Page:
Anti-discrimination laws: What's wrong

Every state and territory has legislation making various types of discrimination illegal. Some but not all jurisdictions provide exemptions for certain operators or employers allowing them to discriminate without it being unlawful.

Media commentary to date has concentrated exclusively on faith based or religious schools and on the issue of staff and student sexuality. There is much more to the issue than just these things.

Firstly, the various legislation (Commonwealth, New South Wales and Australian Capital Territory) establishes the laws which operate, and which are to be obeyed. The concept of 'the rule of law' means that everyone is held accountable to the same laws. It is very unusual to establish laws but to identify organisations which are not required to abide by those laws. This is what exemptions provide.

Without canvassing whether it is fair or reasonable to allow certain individuals or groups to not follow the rules that others are required to follow, it would seem logical that to be granted such a privilege would require a rigorous and exacting test. The general exemptions currently contained in the laws of some states and territories apply no such test.

The NSW Anti-Discrimination Act 1977 contains the broadest set of exemptions. These exemptions apply to 'private education authorities', they are not restricted to those schools operating within a particular faith or creed nor are they restricted to schools. They were clearly not designed to provide for freedom of religion.

The 40 year old NSW Act provides these 'private education authorities' with exemptions in regard to marital status, sex, sexuality and disability. Our belief is that the Act and the exemptions do not reflect community standards and are long overdue for review.

A number of established religions which operate schools (including the Catholic Church) have gone on the public record to say they did not seek and do not use these exemptions. If the NSW Government has the courage to establish an independent review of the Act and the existing provisions the Union looks forward to those churches supporting the removal of the exemptions.

While the Commonwealth and the recently amended ACT legislation do not provide such general exemptions they do exclude some employers from parts of the Acts.

The recent and unfortunate public letter from leaders in most NSW Anglican schools made a number of bizarre and in places incoherent claims. The letter pointed to the Commonwealth Sex Discrimination Act 1984 as “the only significant legal protections available to schools to maintain their ethos and values”. Every one of these schools enjoy the blanket exemptions from the NSW Anti-Discrimination Act so this is hardly true.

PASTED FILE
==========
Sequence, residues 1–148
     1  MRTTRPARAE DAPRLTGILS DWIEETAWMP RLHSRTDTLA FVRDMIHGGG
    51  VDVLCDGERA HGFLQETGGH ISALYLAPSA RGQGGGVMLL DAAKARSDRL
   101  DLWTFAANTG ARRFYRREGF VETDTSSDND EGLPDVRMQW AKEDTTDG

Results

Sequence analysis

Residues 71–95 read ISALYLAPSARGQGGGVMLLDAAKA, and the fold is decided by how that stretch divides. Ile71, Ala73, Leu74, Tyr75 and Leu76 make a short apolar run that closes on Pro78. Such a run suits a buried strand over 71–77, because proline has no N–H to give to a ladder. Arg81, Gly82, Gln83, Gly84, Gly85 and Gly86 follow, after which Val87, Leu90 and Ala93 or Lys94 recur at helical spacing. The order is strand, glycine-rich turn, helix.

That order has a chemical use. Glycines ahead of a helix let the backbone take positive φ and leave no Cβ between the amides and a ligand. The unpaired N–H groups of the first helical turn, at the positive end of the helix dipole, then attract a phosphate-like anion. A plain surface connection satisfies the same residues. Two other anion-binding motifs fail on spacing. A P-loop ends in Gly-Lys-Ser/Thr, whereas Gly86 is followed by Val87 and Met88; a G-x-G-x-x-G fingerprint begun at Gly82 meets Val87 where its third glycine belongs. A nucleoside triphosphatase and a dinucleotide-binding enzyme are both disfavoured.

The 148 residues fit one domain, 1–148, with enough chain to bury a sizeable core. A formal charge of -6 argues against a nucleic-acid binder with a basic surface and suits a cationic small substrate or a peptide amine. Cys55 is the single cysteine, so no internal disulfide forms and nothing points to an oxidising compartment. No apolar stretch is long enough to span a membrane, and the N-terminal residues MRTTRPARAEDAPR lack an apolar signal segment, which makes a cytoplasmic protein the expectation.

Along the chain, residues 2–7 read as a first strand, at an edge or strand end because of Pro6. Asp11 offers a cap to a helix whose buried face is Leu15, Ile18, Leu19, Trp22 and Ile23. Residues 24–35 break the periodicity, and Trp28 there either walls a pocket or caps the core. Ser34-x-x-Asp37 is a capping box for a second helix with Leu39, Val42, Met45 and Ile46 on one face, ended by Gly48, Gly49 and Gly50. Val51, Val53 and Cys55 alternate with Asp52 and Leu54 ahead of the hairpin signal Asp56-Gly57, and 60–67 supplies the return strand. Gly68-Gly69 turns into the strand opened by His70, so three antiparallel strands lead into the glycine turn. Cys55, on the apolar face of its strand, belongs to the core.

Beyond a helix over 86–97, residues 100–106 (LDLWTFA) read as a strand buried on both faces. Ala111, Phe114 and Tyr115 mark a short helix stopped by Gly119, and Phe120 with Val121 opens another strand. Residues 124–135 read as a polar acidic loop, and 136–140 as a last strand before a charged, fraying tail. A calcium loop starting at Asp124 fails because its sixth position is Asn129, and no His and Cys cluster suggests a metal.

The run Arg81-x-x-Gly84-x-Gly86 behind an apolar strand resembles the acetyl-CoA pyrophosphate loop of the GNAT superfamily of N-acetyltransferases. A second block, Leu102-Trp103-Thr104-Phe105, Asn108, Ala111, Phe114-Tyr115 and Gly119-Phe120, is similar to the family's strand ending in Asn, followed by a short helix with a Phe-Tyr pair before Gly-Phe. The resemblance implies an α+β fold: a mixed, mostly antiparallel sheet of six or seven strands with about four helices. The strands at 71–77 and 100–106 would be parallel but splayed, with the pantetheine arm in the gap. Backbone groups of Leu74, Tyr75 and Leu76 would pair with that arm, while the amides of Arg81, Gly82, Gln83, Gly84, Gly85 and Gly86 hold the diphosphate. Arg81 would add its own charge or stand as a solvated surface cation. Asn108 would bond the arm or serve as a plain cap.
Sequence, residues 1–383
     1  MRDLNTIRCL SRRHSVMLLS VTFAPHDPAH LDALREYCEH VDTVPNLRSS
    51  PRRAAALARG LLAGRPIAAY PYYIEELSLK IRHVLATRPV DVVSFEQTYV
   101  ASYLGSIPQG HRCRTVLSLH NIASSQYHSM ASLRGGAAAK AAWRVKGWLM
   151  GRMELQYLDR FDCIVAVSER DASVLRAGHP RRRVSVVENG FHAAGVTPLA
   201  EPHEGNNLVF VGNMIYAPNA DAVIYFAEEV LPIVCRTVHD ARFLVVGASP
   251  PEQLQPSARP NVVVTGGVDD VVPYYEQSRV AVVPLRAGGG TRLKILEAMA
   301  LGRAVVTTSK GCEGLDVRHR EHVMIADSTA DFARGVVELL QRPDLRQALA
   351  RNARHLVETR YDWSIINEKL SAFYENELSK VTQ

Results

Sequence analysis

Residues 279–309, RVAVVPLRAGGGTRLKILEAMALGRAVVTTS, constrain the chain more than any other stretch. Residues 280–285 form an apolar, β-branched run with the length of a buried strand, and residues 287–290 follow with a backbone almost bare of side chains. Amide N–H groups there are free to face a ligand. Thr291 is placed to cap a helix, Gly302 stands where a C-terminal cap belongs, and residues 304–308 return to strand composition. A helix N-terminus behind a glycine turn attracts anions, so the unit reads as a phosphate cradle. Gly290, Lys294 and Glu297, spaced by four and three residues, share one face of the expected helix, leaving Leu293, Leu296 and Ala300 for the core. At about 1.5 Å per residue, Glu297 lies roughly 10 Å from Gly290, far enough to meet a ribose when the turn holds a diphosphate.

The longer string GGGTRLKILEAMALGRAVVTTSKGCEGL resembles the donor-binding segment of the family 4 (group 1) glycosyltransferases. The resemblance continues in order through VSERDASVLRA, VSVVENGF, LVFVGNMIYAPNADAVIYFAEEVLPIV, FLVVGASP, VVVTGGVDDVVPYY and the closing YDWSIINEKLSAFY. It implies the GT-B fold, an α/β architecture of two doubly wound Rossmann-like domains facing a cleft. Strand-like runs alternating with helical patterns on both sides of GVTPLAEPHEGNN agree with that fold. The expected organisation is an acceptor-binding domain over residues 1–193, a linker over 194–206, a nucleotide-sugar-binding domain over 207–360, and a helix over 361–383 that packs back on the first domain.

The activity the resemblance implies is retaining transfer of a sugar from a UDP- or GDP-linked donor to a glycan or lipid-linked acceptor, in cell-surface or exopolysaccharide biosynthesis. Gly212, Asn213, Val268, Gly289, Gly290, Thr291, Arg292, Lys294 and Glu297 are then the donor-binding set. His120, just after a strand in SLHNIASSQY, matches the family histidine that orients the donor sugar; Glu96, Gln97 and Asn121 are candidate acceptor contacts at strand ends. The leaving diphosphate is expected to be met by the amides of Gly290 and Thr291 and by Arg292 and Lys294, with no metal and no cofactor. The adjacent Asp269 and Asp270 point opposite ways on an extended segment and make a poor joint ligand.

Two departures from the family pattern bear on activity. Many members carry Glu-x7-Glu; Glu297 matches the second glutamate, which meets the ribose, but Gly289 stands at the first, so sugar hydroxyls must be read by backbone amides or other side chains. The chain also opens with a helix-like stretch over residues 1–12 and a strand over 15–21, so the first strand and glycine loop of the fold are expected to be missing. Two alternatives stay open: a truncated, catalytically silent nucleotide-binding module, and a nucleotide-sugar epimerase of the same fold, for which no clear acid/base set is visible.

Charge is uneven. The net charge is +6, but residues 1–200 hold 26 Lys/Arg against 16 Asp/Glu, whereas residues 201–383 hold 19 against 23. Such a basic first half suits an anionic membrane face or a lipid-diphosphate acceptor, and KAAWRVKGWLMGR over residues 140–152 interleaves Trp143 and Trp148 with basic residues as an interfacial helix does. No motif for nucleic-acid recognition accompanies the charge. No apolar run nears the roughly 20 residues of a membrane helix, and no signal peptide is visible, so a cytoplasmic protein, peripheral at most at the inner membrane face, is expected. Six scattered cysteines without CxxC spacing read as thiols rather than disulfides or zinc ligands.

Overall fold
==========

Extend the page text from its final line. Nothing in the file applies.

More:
They indicate that although they have the right to discriminate and to “dismiss gay staff members” there is “little evidence that this occurs”. I interpret this to mean they don’t use or very rarely use those privileges.

The open letter draws parallels with the corporate world arguing that staff who do not personally identify with the faith of the school “are still expected to support the overarching mission and ethos of the school. This is not inconsistent with the practice of most employers and their corporate goals”.

Absolutely correct. Woolworths probably don’t care where their employees’ shop and I’m sure they don’t pry to find out but if a Woolworth’s employee was advising customers to shop at Coles or Aldi they would likely be subject to disciplinary processes or even dismissal. Woolworths do not need exemptions from legislation and if the employee claims they were unfairly dismissed they have access to the Fair Work Commission where both sides can argue their case.

Finally, I do not accept that independent schools, including faith based schools, are so fragile that they need to be exempt from the law. Nor do I believe that enrolments would suffer or the ethos be undermined. As indicated earlier some states do not provide exemptions for religious schools and in those places religion schools are flourishing and enrolments continue to grow.

In most cases staff, especially teachers, self select where they apply for employment. A teacher with an abhorrence of all things sporting is highly unlikely to apply for a position in a specialist sports high school.

The IEU welcomes the public debate and discussion of these issues and looks forward to a review of all relevant legislation where we, along with every other interested party, can make a submission.

John Quessy